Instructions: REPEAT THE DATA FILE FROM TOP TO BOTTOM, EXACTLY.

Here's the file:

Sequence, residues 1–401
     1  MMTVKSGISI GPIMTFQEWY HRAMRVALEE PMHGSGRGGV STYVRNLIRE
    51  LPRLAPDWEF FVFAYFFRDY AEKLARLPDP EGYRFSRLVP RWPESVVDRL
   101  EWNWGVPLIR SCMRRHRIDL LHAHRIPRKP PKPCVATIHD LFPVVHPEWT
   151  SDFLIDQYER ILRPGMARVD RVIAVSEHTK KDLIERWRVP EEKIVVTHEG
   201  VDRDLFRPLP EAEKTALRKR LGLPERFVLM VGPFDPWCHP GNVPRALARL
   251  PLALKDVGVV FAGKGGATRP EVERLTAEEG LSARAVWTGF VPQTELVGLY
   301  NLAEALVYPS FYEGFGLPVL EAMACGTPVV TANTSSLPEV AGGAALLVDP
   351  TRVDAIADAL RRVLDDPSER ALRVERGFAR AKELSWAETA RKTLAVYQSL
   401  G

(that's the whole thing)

Sequence, residues 1–401
     1  MMTVKSGISI GPIMTFQEWY HRAMRVALEE PMHGSGRGGV STYVRNLIRE
    51  LPRLAPDWEF FVFAYFFRDY AEKLARLPDP EGYRFSRLVP RWPESVVDRL
   101  EWNWGVPLIR SCMRRHRIDL LHAHRIPRKP PKPCVATIHD LFPVVHPEWT
   151  SDFLIDQYER ILRPGMARVD RVIAVSEHTK KDLIERWRVP EEKIVVTHEG
   201  VDRDLFRPLP EAEKTALRKR LGLPERFVLM VGPFDPWCHP GNVPRALARL
   251  PLALKDVGVV FAGKGGATRP EVERLTAEEG LSARAVWTGF VPQTELVGLY
   301  NLAEALVYPS FYEGFGLPVL EAMACGTPVV TANTSSLPEV AGGAALLVDP
   351  TRVDAIADAL RRVLDDPSER ALRVERGFAR AKELSWAETA RKTLAVYQSL
   401  G